President Obama has abandoned efforts to put Elizabeth Warren in charge of the new Consumer Financial Protection Bureau she helped create under last year’s financial industry reform laws, instead announcing he’ll try to promote the bureau’s “top cop,” former Ohio Attorney General Richard Cordray.
The bureau is intended to be a watchdog for American consumers, ensuring they have the information they need to make wise financial choices and avoid abusive and deceptive practices.
“American families and consumers bore the brunt of the financial crisis and are still struggling in its aftermath to find jobs, stay in their homes, and make ends meet. That is why I fought so hard to pass reforms to fix the financial system and put in place the strongest consumer protections in our nation’s history,” the President said in a statement issued this morning. “Richard Cordray has spent his career advocating for middle class families, from his tenure as Ohio’s Attorney General, to his most recent role as heading up the enforcement division at the CFPB and looking out for ordinary people in our financial system.”
Obama hadn’t nominated Warren as the bureau’s director because Republicans promised a filibuster; many in the GOP want the bureau’s purview rolled back even before its starts its work. Many liberals had urged Obama to call the Republicans’ bluff, and/or to make a recess appointment of Warren to the job.
In his statement today, the President thanked Warren “not only for her extraordinary work standing up the new agency over the past year, but also for her many years of impassioned leadership, and her fierce defense of a simple idea: ordinary people deserve to be treated fairly and honestly in their financial dealings. This agency was Elizabeth’s idea, and through sheer force of will, intelligence, and a bottomless well of energy, she has made, and will continue to make, a profound and positive difference for our country.”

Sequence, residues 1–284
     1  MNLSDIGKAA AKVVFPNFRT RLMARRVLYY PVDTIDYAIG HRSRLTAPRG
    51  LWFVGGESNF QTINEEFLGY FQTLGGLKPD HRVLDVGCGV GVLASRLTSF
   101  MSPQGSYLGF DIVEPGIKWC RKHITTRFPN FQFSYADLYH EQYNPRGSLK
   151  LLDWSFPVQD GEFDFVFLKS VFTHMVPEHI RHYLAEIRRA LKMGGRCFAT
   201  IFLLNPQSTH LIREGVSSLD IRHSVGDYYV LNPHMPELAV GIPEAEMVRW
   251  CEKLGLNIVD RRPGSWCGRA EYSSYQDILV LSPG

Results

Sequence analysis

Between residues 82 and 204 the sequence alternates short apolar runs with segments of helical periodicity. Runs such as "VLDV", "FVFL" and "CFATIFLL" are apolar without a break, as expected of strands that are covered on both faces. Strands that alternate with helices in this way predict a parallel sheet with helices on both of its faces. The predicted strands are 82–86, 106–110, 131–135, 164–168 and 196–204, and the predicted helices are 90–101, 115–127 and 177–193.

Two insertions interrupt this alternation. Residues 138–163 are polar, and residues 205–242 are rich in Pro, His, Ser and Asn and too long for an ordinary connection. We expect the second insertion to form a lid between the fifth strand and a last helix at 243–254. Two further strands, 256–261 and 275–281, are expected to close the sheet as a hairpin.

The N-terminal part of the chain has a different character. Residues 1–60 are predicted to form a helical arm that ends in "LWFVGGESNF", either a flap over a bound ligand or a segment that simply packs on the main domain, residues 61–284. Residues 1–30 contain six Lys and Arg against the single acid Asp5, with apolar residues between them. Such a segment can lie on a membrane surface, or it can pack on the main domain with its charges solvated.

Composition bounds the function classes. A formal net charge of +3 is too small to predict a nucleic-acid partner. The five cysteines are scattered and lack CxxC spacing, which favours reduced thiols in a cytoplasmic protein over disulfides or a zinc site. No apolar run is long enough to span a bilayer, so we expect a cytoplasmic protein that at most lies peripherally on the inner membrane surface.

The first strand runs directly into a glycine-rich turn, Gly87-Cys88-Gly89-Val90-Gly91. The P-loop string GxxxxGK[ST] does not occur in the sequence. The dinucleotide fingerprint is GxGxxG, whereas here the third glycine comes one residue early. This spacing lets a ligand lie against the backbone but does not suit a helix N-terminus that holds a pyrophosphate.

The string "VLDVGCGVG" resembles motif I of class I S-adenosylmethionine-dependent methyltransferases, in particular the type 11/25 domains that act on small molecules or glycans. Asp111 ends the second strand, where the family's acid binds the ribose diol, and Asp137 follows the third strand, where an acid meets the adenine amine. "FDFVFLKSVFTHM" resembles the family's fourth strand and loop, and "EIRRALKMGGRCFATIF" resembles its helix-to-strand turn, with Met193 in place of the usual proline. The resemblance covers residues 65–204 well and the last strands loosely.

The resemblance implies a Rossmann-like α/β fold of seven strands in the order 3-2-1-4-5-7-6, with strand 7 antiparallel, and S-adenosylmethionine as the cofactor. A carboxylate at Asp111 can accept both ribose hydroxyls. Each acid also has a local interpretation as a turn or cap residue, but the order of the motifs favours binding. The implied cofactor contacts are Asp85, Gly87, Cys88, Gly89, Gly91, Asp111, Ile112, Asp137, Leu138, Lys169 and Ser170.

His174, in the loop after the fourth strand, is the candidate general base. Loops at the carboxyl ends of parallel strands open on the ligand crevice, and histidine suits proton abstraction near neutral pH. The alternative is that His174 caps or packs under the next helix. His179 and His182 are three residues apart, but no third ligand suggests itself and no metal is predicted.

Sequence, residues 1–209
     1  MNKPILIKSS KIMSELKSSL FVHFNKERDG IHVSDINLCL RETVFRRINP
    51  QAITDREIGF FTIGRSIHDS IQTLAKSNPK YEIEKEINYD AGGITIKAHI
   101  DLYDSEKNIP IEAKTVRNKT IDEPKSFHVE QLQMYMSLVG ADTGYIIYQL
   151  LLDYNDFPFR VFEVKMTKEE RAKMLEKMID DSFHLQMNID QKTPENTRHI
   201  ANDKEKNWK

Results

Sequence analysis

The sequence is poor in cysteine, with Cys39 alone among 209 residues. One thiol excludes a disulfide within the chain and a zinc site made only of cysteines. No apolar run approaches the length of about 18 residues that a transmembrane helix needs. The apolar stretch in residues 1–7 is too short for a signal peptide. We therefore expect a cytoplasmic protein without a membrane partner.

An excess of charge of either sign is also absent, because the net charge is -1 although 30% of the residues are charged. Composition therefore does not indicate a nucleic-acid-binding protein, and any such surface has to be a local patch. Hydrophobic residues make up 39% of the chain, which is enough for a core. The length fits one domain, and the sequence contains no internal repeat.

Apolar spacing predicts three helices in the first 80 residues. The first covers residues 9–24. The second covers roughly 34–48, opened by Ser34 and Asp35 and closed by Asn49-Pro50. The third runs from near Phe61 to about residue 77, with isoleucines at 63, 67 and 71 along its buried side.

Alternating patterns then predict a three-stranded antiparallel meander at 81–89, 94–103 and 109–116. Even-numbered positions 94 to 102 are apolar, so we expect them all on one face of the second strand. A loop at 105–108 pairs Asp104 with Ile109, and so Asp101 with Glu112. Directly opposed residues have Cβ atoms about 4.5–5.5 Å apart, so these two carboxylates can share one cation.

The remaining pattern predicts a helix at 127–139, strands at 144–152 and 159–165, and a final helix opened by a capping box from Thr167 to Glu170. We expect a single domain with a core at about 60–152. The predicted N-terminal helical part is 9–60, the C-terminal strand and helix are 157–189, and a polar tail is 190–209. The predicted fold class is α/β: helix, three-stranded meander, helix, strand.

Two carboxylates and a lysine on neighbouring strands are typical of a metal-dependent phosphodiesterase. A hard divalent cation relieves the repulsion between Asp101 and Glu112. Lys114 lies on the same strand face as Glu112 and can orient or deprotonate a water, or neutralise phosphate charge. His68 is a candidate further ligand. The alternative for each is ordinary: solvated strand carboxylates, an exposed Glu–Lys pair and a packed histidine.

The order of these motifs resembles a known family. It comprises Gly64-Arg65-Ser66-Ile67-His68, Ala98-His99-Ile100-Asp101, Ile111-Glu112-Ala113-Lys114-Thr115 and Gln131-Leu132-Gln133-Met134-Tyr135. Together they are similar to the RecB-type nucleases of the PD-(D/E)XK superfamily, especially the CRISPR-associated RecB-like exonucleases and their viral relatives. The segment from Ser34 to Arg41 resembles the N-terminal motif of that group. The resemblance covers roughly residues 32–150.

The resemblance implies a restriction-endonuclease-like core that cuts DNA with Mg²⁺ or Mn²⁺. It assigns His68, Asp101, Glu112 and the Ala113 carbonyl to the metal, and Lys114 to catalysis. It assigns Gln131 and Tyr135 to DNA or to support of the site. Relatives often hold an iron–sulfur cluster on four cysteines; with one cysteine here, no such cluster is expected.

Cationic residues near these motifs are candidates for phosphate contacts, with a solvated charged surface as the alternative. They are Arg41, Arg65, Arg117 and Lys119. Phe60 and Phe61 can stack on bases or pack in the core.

Cordray became the bureau’s nascent chief of enforcement in January, right after leaving the Ohio Attorney General’s office. Before that, he had been Ohio’s Treasurer for two years and a county treasurer for four. Earlier yet, he was an adjunct professor at the Ohio State University College of Law from 1989 to 2002; Ohio’s first solicitor general from 1993 to 1994; an Ohio State Representative from 1991 to 1993; and an attorney in private practice from 1995 to 2007. He has argued seven cases before the U.S. Supreme Court, including by special appointment of both the Clinton and Bush Justice Departments.